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Behav Brain Res. 2015 Sep 15;291:189-194. doi: 10.1016/j.bbr.2015.05.017. Epub 2015 May 20.

Absence of rapid eye movements during sleep in adult zebrafish.

Author information

1
School of Science and Engineering, Reykjavik University, Reykjavik, Iceland.
2
School of Science and Engineering, Reykjavik University, Reykjavik, Iceland; 3Z Pharmaceuticals, Reykjavik, Iceland.
3
School of Science and Engineering, Reykjavik University, Reykjavik, Iceland; 3Z Pharmaceuticals, Reykjavik, Iceland. Electronic address: karlsson@3z.is.

Abstract

Sleep is not a uniform phenomenon, but is organized in alternating, fundamentally different states, rapid eye movement sleep and non-rapid eye movement sleep. Zebrafish (Danio rerio) have recently emerged as an excellent model for sleep research. Zebrafish are well characterized in terms of development, neurobiology and genetics. Moreover, there are many experimental tools not easily applied in mammalian models that can be readily applied to zebrafish, making them a valuable additional animal model for sleep research. Sleep in zebrafish is defined behaviorally and exhibits the hallmarks of mammalian sleep (e.g. sleep homeostasis and pressure). To our knowledge no attempts have been made to discern if sleep in zebrafish entails alternations of REM-NREM sleep cycles which are critical for further development of the model. In the current experiment we quantify two key REM sleep components, rapid eye movements and respiratory rates, across sleep-wake cycles. We find no sleep-related rapid eye movements. During sleep respiratory rates, however, are reduced and become less regular, further establishing that the behavioral definition used truly captures a change in the fish's physiology. We thus fail to find evidence for REM-NREM sleep cycles in zebrafish but demonstrate a physiological change that occurs concomitantly with the previously defined behavioral state of sleep. We do not rule out that other phasic REM components (e.g. atonia, cardiac arrhythmias, myoclonic twitches or desynchronized EEG) are coherently expressed during sleep but we conclude that adult zebrafish do not have REM-sleep-related rapid eye movements.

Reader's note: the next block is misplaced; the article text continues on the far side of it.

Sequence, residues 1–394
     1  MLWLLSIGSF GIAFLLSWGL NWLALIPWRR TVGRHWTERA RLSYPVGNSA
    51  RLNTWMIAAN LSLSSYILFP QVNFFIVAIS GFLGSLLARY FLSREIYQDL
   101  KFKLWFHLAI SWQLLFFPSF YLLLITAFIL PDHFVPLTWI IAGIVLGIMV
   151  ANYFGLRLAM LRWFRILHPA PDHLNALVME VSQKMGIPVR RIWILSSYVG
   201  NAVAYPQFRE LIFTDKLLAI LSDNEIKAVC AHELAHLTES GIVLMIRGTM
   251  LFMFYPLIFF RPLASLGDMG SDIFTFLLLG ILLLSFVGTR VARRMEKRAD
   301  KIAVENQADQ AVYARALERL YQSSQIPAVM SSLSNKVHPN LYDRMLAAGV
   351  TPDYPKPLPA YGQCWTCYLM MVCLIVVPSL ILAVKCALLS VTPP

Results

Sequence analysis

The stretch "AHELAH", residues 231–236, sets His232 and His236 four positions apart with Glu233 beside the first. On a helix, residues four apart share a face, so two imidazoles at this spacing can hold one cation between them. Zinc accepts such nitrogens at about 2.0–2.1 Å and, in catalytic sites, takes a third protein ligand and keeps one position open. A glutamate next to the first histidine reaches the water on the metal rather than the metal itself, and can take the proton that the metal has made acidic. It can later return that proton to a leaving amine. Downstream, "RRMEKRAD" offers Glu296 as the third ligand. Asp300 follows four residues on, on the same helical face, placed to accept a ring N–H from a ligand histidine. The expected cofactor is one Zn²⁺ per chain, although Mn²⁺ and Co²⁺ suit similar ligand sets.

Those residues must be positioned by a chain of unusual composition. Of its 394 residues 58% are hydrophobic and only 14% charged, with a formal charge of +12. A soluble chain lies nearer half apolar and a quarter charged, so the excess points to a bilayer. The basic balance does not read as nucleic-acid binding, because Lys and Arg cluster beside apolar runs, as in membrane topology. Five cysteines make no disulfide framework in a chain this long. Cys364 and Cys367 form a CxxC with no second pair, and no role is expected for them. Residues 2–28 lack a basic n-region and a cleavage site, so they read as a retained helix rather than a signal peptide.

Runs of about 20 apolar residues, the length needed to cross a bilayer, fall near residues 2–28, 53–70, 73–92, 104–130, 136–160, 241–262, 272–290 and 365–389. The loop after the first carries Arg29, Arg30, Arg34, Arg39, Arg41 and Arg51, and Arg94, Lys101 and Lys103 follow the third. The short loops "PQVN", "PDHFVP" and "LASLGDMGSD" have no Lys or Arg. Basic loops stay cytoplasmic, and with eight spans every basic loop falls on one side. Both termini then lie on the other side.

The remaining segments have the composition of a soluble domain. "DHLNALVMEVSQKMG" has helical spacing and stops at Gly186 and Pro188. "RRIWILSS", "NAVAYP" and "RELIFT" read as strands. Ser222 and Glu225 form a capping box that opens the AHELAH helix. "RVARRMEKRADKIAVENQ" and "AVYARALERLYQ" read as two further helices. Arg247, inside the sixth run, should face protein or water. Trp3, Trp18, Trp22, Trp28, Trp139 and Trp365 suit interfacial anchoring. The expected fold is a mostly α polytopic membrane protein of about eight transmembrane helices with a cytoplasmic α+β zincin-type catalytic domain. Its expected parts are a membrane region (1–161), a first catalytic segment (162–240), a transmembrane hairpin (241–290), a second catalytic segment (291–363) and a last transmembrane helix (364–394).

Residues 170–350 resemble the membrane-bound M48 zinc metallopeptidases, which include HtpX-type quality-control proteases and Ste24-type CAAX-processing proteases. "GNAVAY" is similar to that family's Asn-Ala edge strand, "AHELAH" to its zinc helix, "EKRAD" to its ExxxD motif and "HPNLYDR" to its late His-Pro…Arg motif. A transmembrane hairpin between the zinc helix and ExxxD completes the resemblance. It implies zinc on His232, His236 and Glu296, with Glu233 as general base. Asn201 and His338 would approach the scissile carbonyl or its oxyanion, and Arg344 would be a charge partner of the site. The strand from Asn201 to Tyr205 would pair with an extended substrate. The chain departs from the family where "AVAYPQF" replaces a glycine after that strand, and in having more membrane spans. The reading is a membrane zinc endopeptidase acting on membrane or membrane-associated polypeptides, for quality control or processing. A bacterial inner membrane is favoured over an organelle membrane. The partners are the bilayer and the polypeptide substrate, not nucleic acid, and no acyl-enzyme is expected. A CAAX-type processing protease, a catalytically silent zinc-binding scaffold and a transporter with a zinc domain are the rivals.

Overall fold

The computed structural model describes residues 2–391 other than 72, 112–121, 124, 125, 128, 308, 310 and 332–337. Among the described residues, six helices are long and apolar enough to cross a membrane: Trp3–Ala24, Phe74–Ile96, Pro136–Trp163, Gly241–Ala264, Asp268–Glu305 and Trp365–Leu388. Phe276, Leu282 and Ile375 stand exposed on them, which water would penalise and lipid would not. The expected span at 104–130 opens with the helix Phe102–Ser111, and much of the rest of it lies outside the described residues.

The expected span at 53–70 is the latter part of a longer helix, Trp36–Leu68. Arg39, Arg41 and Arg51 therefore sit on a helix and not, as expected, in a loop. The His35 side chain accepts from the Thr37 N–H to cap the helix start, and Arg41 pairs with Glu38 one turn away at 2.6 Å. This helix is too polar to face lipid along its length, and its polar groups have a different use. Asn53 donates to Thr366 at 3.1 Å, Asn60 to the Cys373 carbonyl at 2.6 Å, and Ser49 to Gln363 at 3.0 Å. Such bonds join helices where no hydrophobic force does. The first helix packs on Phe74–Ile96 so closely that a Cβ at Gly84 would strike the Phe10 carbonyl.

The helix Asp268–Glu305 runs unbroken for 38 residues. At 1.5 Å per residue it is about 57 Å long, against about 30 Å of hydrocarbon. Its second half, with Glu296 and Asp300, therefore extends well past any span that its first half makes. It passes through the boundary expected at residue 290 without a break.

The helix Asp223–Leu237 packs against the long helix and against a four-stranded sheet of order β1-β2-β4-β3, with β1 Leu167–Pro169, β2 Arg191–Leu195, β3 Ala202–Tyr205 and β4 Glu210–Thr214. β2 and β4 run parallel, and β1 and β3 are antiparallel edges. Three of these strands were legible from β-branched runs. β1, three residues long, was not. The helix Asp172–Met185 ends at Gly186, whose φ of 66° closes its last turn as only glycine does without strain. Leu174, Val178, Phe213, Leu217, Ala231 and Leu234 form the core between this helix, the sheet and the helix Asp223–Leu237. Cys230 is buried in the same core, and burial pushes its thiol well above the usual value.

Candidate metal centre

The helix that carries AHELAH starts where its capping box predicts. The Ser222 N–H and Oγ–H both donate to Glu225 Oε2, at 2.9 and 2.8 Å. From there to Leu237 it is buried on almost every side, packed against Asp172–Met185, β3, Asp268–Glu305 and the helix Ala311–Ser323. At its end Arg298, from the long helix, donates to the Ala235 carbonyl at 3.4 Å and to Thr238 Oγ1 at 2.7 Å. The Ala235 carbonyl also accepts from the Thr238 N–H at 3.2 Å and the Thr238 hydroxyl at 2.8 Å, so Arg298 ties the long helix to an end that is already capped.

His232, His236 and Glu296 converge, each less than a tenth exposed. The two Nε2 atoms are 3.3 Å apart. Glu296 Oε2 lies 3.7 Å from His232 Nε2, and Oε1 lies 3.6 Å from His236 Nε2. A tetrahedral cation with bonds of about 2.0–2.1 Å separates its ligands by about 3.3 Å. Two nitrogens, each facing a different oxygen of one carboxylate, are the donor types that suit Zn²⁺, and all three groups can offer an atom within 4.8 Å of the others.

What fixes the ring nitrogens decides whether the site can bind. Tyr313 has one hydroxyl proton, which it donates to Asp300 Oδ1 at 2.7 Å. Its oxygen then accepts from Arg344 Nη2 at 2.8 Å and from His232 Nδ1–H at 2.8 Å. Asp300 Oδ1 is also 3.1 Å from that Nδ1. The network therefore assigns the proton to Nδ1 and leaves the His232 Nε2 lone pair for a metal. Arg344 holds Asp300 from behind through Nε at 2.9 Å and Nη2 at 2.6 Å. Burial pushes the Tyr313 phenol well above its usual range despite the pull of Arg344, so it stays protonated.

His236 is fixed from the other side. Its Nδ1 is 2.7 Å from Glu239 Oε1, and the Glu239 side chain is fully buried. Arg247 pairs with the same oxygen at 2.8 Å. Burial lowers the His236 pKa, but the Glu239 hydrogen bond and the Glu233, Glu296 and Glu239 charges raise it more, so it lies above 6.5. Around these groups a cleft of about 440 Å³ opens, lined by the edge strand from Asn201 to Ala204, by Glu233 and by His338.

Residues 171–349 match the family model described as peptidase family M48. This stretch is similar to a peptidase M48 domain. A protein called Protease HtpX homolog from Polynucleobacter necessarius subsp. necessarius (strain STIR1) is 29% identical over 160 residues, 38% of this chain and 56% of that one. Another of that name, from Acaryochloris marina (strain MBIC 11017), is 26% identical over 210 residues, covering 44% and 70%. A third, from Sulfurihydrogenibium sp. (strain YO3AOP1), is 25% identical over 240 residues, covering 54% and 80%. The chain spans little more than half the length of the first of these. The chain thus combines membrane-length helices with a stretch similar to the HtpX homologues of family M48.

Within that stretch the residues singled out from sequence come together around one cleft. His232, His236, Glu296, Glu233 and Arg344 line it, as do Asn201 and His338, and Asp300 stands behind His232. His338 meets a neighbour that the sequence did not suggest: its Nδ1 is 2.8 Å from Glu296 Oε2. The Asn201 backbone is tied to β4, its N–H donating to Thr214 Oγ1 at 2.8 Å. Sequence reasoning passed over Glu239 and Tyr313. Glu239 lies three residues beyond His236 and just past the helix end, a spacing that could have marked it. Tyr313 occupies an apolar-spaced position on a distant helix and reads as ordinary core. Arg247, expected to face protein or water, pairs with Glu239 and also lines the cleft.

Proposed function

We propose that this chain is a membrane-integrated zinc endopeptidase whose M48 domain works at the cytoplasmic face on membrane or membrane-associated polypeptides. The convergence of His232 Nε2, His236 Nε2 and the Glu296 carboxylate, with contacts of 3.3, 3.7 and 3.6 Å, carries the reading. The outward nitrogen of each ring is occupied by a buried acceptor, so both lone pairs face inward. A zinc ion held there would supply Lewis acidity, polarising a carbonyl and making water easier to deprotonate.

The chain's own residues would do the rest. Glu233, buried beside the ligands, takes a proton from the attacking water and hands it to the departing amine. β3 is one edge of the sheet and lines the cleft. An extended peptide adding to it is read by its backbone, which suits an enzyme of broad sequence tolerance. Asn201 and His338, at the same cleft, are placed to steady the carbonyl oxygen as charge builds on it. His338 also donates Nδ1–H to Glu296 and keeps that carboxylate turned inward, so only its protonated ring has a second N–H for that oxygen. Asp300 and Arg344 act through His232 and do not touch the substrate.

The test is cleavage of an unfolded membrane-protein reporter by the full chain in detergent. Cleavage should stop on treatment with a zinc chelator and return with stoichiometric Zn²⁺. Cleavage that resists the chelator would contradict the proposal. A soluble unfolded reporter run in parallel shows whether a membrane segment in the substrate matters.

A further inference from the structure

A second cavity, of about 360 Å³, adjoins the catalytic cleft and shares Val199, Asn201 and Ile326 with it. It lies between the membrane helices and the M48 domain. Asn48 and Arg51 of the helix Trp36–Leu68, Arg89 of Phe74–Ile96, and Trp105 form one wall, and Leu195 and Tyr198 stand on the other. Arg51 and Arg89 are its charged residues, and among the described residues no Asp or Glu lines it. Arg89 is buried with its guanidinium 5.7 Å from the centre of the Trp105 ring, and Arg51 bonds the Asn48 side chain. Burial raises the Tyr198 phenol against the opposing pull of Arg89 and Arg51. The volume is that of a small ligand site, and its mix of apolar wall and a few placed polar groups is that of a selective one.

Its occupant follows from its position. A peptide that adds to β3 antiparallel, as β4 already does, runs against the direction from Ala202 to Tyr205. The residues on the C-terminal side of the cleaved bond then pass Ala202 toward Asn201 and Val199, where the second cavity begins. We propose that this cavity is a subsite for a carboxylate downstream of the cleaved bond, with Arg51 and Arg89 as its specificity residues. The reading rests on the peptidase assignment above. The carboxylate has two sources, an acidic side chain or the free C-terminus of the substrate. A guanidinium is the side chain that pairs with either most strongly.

KEYWORDS:

Activity detection; Computer vision; Motion tracking; REM; Sleep; Zebrafish

PMID:
26003945
DOI:
10.1016/j.bbr.2015.05.017
[Indexed for MEDLINE]

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